The last lap huge six car incident at 2020 Daytona 500 race, after which Ryan Newman was hospitalized with “brain bruise” prompted technical changes to the cars.
NASCAR Officials made detailed investigation of the wreck followed by scrutinizing the car at the R&D center in Concord, North Carolina.
More details are expected from the further investigation in the coming weeks, as teams are preparing for season restart following the COVID-19 pandemic.
NASCAR announced detailed technical bulletin with safety enhancements and updates regarding the impact on competition by the pandemic.
Here is the listing of technical changes and new updates regarding the competition this and next seasons:
- addition of the main roll bar support bar, intrusion plate and upper main roll bar support bar (mandatory for superspeedways, optional elsewhere)
- elimination of aero-ducts at superspeedway tracks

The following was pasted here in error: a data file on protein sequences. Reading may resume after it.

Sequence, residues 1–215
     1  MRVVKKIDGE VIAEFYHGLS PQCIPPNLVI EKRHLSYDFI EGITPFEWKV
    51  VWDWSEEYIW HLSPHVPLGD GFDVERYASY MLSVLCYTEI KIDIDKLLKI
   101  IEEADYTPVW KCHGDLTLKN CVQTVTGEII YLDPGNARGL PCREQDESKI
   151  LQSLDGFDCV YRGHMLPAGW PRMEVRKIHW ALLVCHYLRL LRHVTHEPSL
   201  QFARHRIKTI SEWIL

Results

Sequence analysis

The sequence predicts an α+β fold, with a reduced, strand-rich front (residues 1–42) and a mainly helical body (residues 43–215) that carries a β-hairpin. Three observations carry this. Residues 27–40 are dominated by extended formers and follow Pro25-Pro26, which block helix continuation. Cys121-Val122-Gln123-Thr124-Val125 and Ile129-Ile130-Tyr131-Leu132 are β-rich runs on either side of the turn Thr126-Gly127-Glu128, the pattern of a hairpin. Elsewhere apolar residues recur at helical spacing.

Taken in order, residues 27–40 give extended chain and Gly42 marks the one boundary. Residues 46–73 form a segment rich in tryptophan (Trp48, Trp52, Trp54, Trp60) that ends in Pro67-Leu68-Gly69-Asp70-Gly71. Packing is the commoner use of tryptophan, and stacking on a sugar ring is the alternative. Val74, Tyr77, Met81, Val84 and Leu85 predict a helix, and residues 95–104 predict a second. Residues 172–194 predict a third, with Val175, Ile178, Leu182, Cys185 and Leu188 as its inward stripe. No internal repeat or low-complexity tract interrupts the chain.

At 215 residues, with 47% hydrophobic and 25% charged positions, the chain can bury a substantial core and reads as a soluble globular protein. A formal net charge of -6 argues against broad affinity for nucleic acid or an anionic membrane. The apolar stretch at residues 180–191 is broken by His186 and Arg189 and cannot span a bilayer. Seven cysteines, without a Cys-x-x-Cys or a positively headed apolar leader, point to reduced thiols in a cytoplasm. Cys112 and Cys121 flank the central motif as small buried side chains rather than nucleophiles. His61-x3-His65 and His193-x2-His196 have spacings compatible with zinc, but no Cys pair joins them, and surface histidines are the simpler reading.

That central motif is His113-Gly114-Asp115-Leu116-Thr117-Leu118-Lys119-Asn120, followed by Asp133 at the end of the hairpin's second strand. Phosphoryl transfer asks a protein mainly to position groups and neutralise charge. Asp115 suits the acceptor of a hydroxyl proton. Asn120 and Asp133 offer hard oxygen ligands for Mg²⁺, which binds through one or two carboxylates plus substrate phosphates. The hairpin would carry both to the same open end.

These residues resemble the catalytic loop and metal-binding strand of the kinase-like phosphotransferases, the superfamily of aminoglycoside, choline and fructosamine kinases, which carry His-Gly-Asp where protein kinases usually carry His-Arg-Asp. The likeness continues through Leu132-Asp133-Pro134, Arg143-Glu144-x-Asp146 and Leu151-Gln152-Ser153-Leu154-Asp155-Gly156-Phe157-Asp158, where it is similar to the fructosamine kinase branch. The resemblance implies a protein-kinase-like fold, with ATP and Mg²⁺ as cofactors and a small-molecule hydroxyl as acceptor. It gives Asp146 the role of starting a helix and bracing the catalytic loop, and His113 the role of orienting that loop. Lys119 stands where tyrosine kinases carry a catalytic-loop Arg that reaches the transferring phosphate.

- reduction in sizeof throttle body (only for superspeedways)
- updated roll bar padding specifications
- oil reservoir tank or overflow expansion tank must contain a check valve
- slip tape must be applied along the entire length of the lower rearward facing surfaces of the rear bumper cover and extensions (applies for superspeedways only)
- The temporary ban on most testing will be lifted on May 4, but on-track testing will not be allowed in the NASCAR Cup Series, NASCAR Xfinity Series or NASCAR Gander RV & Outdoors Truck Series for the remainder of the 2020 season
- Organizations are allocated 150 hours in the wind tunnel through Dec. 31, 2021, with a maximum usage of 70 hours in 2020 and 90 hours in 2021
- Wind tunnel testing of Next Gen vehicles — the debut of which was delayed from 2021 to 2022 due to the COVID-19 pandemic — by individual organizations is not permitted
- The minimum number of short block sealed engines changes from 13 to eight